By Ben Geman and Zack Colman - 09/18/12 10:30 PM EDT
Fresh layoffs in the coal and wind industries are fueling congressional battles over energy policy ahead of the elections.
State of Play: Fresh layoffs in the coal and wind industries are fueling congressional battles over energy policy ahead of the elections.
Republicans are seizing on job losses at coal mining giant Alpha Natural Resources as they seek support for legislation to kill, soften or delay various federal rules that affect the coal industry.
The House Rules Committee is slated to meet Wednesday afternoon to vet amendments that could receive floor votes when the bill comes up. A final floor vote on the bill is expected Friday.
The Hill has more on the bill, the layoffs, and how they’re affecting the political debate here, here and here.
While Republicans are focusing on coal, Sen. Mark Udall (D-Colo.) says layoffs announced by wind energy equipment maker Siemens shows why lawmakers must extend tax credits for wind projects.
The production tax credit, which the industry calls vital to financing new wind farms, is slated to expire at the end of the year.
Siemens said Tuesday that it’s laying off 615 workers in Iowa, Kansas and Florida, and blaming the losses in part on the failure thus far to extend the credit, AP reported.
“We need to extend the PTC before more companies are forced to respond to the uncertainty over the expiring tax credit,” Udall said. President Obama has been pressing Congress to extend the incentive, while GOP White House nominee Mitt Romney opposes renewal.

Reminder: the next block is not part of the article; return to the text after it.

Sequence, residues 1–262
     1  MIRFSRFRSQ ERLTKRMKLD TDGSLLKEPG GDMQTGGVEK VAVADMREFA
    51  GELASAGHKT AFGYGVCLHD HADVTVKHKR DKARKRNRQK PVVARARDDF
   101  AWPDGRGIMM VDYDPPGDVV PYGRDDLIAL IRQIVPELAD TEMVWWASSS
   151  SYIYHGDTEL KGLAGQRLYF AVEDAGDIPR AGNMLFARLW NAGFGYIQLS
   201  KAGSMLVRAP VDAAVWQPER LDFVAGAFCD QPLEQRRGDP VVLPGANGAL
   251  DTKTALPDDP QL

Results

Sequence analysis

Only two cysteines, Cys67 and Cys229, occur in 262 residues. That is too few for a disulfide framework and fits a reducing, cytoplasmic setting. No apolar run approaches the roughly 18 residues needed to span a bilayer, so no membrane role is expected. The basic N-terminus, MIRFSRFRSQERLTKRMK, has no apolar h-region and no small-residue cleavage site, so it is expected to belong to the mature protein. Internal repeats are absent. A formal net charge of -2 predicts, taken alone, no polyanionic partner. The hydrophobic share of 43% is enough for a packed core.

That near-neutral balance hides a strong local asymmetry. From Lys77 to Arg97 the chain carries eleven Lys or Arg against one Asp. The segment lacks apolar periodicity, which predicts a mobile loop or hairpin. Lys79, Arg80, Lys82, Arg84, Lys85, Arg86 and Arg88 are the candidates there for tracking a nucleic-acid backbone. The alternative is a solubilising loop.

Nuke agency allegations draw scrutiny
Staff for two lawmakers are looking into allegations that the Nuclear Regulatory Commission (NRC) covered up important safety documents.
Aides to Sen. Tom Carper (D-Del.) and Rep. Donna Edwards (D-Md.) told The Hill on Tuesday that they are taking seriously allegations that the NRC withheld documents regarding potential flood vulnerabilities at nuclear reactors.
An NRC engineer made accusations last week that the agency misrepresented certain information to shield documents from the public eye. The engineer said revealing those documents, which were related to a report he co-authored, would shed light on the potential for flooding damage at nuclear reactors.
Kristine Svinicki, an NRC member, told The Hill on Tuesday that the NRC Office of the Inspector General is handling the issue.
“Allegations and concerns — we have very formal processes for addressing those,” she said at an event on nuclear power, which was hosted by the Center for Strategic and International Studies and other groups.
The NRC Office of the Inspector General did not return requests for comment Tuesday.
Hoeven plan puts states in driver’s seat on drilling
Sen. John Hoeven (R-N.D.) is floating a bill aimed at ensuring states have a major influence over regulation of oil-and-gas drilling within their borders — including federal lands.
The senator’s “Empower States Act” arrives as GOP White House hopeful Mitt Romney is making state control a pillar of his energy platform.
Republicans say federal regulations — including upcoming Interior Department rules for hydraulic fracturing on federal lands — threaten drilling. Hoeven is introducing the bill with Sen. Lisa Murkowski (R-Alaska), the top Republican on the Energy and Natural Resources Committee.
According to Hoeven’s office, the bill requires that federal agencies seeking to draft new regulations on oil and gas must hold a hearing and consult with the state, tribe and local agency that will be affected.
More on the bill from Hoeven’s office: